PENETANGUISHENE, Ont.—Ontario utility company PowerStream Inc. has powered up a microgrid project on the southern tip of Georgian Bay.
Capable of powering 400 homes and businesses in Penetanguishene, Ont. for several hours, the utility-scale system is designed to increase the reliability of the existing grid and optimize how power is delivered to select customers in the region.
Working in partnership with Korea Electric Power Corp. (KEPCO) on the project, the utility said the microgrid can operate both in “grid mode” and “island mode,” allowing it to draw power from transmission lines, or from its 500 kilowatt hour batteries during a disruption. In addition to the energy storage capacity, the project includes a controller system known as MiDAS (Microgrid Distributed Energy Resource Automation System), which autonomously controls and optimizes the flow of power. Coupled with storage, PowerStream said MiDAS can integrate renewable power sources with electricity from the grid.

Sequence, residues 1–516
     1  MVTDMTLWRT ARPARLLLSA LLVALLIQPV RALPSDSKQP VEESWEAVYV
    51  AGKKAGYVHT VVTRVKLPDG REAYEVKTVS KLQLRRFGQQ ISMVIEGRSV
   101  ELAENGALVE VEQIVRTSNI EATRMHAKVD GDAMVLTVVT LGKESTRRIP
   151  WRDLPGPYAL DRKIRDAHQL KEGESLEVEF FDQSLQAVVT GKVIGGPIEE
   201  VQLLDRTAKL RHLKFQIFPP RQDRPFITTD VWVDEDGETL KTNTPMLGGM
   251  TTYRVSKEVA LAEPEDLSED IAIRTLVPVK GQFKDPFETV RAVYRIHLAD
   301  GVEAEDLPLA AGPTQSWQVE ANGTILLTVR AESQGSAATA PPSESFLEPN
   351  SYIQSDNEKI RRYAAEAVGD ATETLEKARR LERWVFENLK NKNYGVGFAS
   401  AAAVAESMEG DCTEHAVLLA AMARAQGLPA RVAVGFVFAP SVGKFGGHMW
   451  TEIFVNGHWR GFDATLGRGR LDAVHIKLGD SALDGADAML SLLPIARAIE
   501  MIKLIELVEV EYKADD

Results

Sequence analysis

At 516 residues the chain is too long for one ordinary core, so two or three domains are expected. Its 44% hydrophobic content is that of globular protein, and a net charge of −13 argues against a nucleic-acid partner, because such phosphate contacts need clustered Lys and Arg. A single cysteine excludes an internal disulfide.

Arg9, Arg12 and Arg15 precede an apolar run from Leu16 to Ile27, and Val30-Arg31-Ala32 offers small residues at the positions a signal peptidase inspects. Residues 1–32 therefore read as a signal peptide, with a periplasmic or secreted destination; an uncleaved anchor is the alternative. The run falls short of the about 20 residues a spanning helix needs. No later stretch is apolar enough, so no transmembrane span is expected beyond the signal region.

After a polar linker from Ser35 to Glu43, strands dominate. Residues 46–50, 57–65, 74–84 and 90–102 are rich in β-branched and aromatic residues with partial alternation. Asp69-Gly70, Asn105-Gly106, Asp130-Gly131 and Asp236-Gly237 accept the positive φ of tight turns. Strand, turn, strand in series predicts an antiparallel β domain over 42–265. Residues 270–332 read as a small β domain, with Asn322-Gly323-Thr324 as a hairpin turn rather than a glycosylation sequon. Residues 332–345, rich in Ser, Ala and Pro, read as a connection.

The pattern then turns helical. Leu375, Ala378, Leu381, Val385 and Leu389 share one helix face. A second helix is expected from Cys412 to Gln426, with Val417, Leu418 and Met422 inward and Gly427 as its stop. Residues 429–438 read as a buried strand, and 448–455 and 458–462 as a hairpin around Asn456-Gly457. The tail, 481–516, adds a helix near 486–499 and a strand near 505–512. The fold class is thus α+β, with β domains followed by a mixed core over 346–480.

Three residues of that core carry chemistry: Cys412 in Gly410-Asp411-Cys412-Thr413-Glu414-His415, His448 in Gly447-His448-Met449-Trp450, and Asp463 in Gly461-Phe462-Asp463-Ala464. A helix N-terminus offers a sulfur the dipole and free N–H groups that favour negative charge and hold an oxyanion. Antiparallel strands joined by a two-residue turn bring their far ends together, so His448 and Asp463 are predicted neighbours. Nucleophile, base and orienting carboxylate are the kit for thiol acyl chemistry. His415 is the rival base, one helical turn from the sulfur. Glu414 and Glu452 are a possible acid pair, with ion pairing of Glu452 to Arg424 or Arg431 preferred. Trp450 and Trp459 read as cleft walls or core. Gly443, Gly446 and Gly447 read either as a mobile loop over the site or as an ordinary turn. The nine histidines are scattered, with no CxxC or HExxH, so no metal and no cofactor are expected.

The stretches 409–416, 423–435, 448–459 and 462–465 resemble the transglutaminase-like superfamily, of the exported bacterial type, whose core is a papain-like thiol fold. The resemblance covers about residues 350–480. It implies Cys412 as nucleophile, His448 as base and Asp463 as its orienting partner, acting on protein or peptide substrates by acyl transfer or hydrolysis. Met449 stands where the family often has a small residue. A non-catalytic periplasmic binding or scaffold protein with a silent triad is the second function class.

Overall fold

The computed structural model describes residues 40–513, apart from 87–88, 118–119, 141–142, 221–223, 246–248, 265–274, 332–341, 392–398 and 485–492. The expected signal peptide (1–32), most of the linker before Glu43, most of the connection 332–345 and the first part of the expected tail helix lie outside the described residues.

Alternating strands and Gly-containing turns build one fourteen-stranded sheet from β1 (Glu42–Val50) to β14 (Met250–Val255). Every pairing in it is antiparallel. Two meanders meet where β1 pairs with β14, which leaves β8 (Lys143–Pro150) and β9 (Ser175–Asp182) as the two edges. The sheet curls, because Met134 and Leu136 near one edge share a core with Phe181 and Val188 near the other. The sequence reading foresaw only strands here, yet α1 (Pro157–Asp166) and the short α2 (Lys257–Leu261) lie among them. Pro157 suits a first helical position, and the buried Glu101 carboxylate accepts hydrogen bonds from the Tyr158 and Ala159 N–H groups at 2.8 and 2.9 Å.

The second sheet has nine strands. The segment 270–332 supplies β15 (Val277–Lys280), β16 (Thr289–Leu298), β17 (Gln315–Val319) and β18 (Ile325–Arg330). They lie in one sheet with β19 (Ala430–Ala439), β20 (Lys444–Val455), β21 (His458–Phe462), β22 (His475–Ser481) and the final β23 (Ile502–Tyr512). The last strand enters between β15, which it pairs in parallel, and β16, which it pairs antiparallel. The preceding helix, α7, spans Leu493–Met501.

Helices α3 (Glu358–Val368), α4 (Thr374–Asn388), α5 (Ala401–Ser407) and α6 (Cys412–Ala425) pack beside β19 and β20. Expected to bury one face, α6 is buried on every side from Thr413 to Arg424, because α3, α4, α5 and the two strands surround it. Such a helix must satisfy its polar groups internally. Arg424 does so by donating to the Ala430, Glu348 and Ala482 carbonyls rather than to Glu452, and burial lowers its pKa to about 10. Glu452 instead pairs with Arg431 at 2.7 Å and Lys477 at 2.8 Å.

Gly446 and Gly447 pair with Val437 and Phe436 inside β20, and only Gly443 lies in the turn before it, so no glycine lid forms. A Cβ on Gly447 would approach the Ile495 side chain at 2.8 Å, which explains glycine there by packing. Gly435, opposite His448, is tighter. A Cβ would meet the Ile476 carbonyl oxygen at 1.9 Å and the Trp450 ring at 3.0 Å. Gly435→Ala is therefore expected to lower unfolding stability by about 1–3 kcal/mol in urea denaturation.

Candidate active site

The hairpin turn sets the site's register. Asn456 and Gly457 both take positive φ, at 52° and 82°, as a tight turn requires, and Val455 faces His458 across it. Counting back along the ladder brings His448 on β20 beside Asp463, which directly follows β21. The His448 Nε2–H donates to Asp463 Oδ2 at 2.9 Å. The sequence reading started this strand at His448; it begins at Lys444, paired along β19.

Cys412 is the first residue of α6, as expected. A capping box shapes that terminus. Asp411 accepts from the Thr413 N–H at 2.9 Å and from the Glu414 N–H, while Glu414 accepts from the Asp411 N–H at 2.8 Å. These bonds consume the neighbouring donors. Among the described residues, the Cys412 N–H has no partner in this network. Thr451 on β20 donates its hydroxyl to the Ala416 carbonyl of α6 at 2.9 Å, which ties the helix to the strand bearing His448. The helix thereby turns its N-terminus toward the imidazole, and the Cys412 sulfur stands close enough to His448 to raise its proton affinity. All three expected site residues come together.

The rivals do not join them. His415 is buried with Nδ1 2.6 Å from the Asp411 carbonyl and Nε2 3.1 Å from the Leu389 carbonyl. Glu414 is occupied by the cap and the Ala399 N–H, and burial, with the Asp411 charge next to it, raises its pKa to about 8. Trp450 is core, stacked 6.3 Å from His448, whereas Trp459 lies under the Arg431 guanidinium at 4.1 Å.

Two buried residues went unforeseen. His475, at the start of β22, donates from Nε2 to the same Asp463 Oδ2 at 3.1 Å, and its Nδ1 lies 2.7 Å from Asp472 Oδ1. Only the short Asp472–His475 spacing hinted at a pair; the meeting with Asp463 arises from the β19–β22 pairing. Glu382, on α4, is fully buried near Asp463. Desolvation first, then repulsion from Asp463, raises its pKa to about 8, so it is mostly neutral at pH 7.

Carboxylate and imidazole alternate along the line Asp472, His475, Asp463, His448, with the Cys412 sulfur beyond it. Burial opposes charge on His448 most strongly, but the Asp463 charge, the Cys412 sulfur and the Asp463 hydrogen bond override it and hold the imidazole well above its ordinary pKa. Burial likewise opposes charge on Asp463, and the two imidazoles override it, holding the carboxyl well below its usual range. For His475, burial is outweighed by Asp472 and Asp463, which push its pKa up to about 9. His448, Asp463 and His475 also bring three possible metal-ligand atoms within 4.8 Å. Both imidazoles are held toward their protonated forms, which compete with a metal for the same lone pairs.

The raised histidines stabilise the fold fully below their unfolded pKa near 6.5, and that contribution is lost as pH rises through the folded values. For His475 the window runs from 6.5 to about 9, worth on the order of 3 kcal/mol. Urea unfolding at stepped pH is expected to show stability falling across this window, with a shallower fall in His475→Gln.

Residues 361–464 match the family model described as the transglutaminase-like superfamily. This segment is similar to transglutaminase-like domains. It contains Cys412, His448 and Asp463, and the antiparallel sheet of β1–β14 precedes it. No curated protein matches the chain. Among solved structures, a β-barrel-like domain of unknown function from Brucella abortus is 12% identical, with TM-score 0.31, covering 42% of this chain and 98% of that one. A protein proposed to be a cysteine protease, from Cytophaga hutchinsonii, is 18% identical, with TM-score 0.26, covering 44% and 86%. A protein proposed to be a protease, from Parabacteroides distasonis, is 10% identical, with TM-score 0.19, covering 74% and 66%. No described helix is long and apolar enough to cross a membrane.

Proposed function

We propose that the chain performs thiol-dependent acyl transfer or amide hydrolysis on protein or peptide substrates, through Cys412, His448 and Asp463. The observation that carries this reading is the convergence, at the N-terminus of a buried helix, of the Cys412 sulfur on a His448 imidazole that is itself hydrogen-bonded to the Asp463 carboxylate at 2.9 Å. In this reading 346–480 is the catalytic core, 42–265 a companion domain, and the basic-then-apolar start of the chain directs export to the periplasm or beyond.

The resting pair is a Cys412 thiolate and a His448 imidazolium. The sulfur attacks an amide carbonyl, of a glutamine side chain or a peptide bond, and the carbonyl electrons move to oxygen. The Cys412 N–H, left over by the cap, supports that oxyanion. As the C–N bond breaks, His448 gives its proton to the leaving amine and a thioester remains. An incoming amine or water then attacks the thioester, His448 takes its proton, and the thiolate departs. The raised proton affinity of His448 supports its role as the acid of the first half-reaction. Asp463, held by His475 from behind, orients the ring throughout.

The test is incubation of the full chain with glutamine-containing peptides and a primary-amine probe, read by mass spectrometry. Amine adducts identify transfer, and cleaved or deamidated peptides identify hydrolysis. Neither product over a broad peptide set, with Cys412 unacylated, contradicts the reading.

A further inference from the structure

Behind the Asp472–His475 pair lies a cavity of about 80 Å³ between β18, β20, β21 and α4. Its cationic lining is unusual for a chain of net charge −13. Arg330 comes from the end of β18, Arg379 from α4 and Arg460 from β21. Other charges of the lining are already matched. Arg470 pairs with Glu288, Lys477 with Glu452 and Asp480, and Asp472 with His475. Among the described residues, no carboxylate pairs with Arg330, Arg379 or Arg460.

PowerStream plans to run the system through its System Control Centre at its headquarters in Vaughan, Ont.
Along with launching the microgrid project late last week, the Ontario utility—which powers 400,000 homes and businesses in central Ontario—signed a Joint Development Agreement with KEPCO to continue the development and commercialization of the MiDAS technology.